Date published: April 13, 2016

Geologic Hazards and Catastrophic Events

We study the distribution and hazard potential of coastal and submarine events such as earthquakes and submarine landslides and associated tsunami potential, hurricane induced coastal inundation, extreme storms, sea-level rise and oil and gas spills. We also model development to help evaluate and forecast coastal hazard probability and occurrence.

Date published: April 13, 2016

Ocean Resources for America's Needs

Our scientists conduct research studies focused on geologic mapping, sampling and understanding of mineral and energy resources and studies of the geologic setting and processes to inform renewable energy development offshore.

Date published: April 13, 2016

Coastal and Marine Ecosystem Science

We bring together multidisciplinary expertise focused on developing tools and models to improve understanding of how healthy ecosystems function as well as how they respond to environmental changes and human impacts including ecosystem restoration. Research studies address coral reef, coastal wetland, benthic habitat and groundwater resources.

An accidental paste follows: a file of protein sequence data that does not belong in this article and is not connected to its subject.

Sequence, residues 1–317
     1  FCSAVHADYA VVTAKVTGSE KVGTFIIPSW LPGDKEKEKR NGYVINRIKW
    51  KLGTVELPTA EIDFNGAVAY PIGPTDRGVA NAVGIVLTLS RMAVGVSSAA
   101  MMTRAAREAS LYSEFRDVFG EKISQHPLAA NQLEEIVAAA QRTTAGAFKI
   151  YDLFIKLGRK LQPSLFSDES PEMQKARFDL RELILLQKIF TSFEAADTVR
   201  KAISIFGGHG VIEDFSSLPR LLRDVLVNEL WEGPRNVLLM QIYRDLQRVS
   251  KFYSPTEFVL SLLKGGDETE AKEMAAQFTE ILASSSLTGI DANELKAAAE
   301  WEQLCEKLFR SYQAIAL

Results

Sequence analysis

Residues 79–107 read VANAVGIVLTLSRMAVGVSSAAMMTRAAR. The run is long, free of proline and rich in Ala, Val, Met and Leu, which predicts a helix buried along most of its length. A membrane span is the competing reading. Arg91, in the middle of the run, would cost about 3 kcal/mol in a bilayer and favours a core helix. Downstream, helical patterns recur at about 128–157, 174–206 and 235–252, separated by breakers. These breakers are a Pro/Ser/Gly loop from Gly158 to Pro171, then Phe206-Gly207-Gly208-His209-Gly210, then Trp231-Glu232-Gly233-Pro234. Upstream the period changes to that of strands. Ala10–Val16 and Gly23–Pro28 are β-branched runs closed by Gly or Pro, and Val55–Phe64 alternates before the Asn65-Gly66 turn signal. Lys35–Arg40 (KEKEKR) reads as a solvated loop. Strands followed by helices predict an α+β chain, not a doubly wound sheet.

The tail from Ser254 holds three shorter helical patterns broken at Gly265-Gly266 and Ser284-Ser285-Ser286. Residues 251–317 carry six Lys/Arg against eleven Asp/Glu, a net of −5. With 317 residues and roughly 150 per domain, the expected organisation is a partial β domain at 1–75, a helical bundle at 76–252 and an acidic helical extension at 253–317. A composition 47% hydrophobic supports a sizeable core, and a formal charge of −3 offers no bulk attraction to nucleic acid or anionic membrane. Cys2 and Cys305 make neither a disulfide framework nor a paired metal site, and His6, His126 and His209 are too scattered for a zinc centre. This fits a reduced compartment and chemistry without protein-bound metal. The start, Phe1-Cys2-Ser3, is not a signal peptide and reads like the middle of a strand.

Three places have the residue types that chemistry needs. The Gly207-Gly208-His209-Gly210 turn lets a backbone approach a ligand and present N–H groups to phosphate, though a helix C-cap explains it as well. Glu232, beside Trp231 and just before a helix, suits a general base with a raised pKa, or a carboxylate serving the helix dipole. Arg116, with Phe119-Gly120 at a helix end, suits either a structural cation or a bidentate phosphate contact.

Date published: April 8, 2016
Status: Active

Modeling Tidal Freshwater Forested Wetlands (TFFW) Habitat Changes for Land Management

As tidal freshwater forested wetlands - TFFWs - are influenced by salinty due to salt water intrusion, they may experience changes in plant community composition, growth, and productivity. Models are needed to predict vegetation community change or dieback, as well as changes in carbon sequestration and storage due to changing climate, drought, changes in freshwater discharge, elevated carbon...

Date published: March 8, 2016

Hurricane Sandy